How to Disrupt the Corporate Immune System

In 2022, disruptive startups are attacking incumbents by using new technology, new processes, and sometimes even new business models to change the game. Salim Ismail has been building disruptive digital companies as a serial entrepreneur since the early 2000s. He’s also an entrepreneur, angel investor, author, speaker, and technology strategist, as well as the Founding Executive Director of Singularity University. We’ve had these kinds of breakthroughs once every few decades, but now we have 20 of them hitting us all at the same time.

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Scott D. Clary

Host of The Success Story Podcast | Founder/CEO OnMi Patch

There’s been a lot of talk about immune systems these past few years — and in more ways than one, as it turns out.

Recently, I was made aware of the ‘corporate immune system’; the phenomenon that protects companies from failure, but in the same breath prevents innovation. Disruption is taking place across every major industry, and the ones that succeed are the ones that understand this immune response.

I learned about this fascinating topic from Salim Ismail. He’s only one of the most cutting-edge entrepreneurs and strategists alive today. Salim has been working with Singularity University to help companies like Yahoo innovate and grow in today’s rapidly changing world.

Perhaps you’re in an industry where disruption and innovation loom, but you don’t quite know how to make that final breakthrough. Or maybe you’re starting a business and want to do everything possible to stay on the edge. This newsletter is for you. We’ll be talking about Gutenberg moments, ExOs, and what it takes to innovate in 2022.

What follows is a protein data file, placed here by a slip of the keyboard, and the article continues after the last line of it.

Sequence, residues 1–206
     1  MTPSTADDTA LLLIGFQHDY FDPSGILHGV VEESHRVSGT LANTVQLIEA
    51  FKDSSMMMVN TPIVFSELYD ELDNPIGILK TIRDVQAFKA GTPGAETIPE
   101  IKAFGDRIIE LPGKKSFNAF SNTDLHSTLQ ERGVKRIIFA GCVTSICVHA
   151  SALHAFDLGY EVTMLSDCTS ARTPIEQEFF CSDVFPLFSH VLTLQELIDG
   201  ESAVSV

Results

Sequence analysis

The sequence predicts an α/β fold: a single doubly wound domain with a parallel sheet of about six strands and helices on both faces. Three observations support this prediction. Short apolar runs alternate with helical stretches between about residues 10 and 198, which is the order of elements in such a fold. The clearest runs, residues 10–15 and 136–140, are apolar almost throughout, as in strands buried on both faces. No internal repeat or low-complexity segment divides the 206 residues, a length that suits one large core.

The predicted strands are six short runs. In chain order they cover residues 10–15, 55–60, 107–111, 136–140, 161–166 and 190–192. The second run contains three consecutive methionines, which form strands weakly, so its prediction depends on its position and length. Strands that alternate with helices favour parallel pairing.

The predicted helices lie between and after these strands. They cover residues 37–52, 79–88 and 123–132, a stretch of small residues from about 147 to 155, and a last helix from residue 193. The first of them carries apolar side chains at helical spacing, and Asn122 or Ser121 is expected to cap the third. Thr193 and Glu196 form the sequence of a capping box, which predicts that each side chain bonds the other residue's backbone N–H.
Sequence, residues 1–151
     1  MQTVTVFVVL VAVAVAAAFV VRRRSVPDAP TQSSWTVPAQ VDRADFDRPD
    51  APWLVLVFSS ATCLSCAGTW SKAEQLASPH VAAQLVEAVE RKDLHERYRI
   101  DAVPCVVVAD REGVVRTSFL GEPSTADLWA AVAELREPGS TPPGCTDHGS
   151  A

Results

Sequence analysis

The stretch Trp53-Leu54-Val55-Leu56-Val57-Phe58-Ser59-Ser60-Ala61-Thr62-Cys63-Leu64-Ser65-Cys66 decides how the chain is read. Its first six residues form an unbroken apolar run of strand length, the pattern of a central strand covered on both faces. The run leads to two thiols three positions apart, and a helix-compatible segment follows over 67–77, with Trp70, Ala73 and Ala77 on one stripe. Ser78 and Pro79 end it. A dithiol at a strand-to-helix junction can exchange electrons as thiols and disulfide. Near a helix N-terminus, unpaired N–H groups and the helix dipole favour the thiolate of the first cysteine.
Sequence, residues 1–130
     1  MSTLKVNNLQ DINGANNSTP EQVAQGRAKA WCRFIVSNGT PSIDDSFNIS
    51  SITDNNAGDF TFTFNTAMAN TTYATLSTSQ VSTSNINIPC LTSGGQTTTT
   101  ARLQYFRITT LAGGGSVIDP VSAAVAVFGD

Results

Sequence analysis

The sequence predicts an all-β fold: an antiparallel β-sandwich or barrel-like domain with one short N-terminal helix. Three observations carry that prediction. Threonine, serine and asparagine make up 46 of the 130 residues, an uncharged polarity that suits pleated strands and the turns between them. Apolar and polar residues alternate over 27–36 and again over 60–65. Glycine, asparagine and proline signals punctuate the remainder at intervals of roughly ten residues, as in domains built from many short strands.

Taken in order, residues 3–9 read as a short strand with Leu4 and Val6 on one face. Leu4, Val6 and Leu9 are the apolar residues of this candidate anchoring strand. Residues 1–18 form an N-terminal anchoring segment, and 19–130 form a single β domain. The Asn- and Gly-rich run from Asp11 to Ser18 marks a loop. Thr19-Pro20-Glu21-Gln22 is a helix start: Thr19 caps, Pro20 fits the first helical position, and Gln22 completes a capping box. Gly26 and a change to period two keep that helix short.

Let’s dive in!

Johannes Gutenberg; you might know him as the inventor of the very first mechanical printing press. At the time, any written and printed work was a rarity. (No wonder, as any printing was to be done very painstakingly by hand.)

What Gutenberg did was, in every sense of the word, revolutionary. The ability to print books en masse, in perfect duplicates? Not a chance. But Gutenberg did it — and though it would take time to come about, he also sparked the beginning of mass media as we know it today.

In the twenty-first century, we are seeing these Gutenberg moments happen all around us. The iPod revolutionized music consumption. The Tesla upended the automotive industry. Airbnb gave the average homeowner a chance to become a hotelier.

What all of these innovations have in common is that they disrupted an industry by attacking its underlying business model. More simply than that, they changed the way we do things. And that is what we are seeing in the world of business today.

In 2022, disruptive startups are attacking incumbents by using new technology, new processes, and sometimes even new business models to change the game.

Salim Ismail knows this pattern like the back of his hand — perhaps better than most — and it was a privilege to hear him speak on the subject in our recent interview.

“The printing press in the 15th century? Fundamentally changed the world. Solar energy fundamentally changed the world. AI completely changed the world. We’ve had these kinds of breakthroughs once every few decades, but now we have 20 of them hitting us all at the same time. And this is blowing up our industries globally.”

Salim has been building disruptive digital companies as a serial entrepreneur since the early 2000s. He’s also a serial entrepreneur, angel investor, author, speaker, and technology strategist, as well as the Founding Executive Director of Singularity University and the lead author of Exponential Organizations.

In other words — he knows what he’s talking about. I was all too eager to hear his insights on how to break through the corporate immune system.